Another glimpse into the chemical potential of mushrooms comes from a 20012 review article in 3Biotech by S. Patel and A. Goyal. Twenty genera of mushrooms and the chemicals that they produce are discussed in this article. Many of these chemicals (which range from polysaccharides, to proteins, to fats) have already shown to be efficacious in treating conditions like diabetes, allergies, high blood cholesterol, kidney diseases, and disorders of the immune system. Some of these chemicals also had novel anti-bacterial (i.e. “antibiotic”) and anti-oxidant properties! Some of these chemicals also via their impacts on steps in cell replication may have use as chemotherapy agents in the treatment of cancers.
The authors encourage more intense evaluation and exploration of wild and exotic mushroom species for their possible novel chemical constituents. They also note the long history of the use of mushrooms in traditional medical practices from a wide variety of cultures.
Which then gets us to wild mushrooms.
Over the years I have had a number of friends who hunted and harvested wild mushrooms. Many of the mushrooms collected in the wild cannot be grown in mushroom farms because they are generated by mycorrhizal fungi or grow out of recently deceased trees! I have always hesitated, though, to join in the hunt for two divergent reasons: 1. The fear of making a mistake and picking and gobbling down some poisonous mushroom variety, and 2. An ecological concern that removing the mushrooms (and all of their reproductive spores) from an ecosystem would seriously impact the local viability of the species.
Now, Reason #1 can be minimized by only harvesting extremely recognizable types of mushrooms and by going out with someone who is experienced with mushrooms. Reason #2, though, is a very compelling brake on wild mushroom harvesting (so mushroom people, leave some ‘shrooms behind!).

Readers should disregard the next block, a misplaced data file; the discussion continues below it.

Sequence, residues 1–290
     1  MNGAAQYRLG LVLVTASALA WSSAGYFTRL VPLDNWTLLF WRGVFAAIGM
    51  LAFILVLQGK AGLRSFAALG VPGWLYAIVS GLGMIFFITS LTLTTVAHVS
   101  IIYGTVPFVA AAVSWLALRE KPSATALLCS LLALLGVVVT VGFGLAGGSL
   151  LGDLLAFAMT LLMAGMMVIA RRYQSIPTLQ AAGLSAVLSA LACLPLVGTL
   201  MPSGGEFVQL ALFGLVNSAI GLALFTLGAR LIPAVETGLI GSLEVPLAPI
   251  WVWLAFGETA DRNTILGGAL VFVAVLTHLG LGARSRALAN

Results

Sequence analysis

There are four species of mushroom that I would feel comfortable picking and eating:
Puffballs: puffballs look like their name, rounded, globe-like sometimes extremely large. You find them usually in late summer or fall in open woods or pastures (they are soil dwelling fungi). The only thing that might look like a puffball is an early stage “death cup” mushroom (clear enough name for you?), but if you cut into the puffball the inside with be a homogenous white (you will see the forming stalked mushroom inside the death cup).
- Morels (pictured above): I have written about morels before (see Signs of Summer 2, 2015)). They are extremely popular, high quality mushrooms that look like little pine cone trees or cylindrical brains. They are very distinctive looking. They can be found in April or May usually near old elm trees (they are mycorrhizae fungal associated especially with elm roots). They are also hollow inside and this feature can be used to make absolutely sure that you have a morel.
3. Chanterelles: chanterelles are yellow to orange, trumpet-shaped mushrooms that grow singly or in clumps. They are found in summer and in fall and are associated with many types of trees (both a variety of hardwoods and conifers). They are, like the morels, mycorrhizal on the tree roots but are not nearly as selective about their trees as morels.
4. Chicken of the woods: chicken of the woods mushrooms are also yellow to orange and, like the chanterelles, very brightly colored. Chicken of the woods grows on dying to
dead trees (especially oaks). This fungus is breaking down the old tree’s organic materials and, via its mushroom, sending out its spores on to find anew home to linger in.
This past summer I was given two bags of freshly collected chanterelles by a generous friend. I found a really great recipe for preparing them and enjoyed them very much. I also spotted,while on a bike ride, a fallen oak tree covered with chicken of the woods mushrooms but let that one go its natural course. It is hard to pick and choose when the mushrooms are so delicious!